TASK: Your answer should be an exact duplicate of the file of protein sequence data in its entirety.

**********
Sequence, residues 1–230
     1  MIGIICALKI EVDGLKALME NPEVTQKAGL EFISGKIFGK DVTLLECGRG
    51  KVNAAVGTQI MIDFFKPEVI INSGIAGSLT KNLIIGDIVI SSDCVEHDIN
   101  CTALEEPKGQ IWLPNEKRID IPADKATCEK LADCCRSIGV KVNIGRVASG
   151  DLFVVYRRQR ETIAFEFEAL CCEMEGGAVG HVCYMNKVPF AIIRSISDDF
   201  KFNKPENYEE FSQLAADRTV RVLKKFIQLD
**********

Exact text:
Sequence, residues 1–230
     1  MIGIICALKI EVDGLKALME NPEVTQKAGL EFISGKIFGK DVTLLECGRG
    51  KVNAAVGTQI MIDFFKPEVI INSGIAGSLT KNLIIGDIVI SSDCVEHDIN
   101  CTALEEPKGQ IWLPNEKRID IPADKATCEK LADCCRSIGV KVNIGRVASG
   151  DLFVVYRRQR ETIAFEFEAL CCEMEGGAVG HVCYMNKVPF AIIRSISDDF
   201  KFNKPENYEE FSQLAADRTV RVLKKFIQLD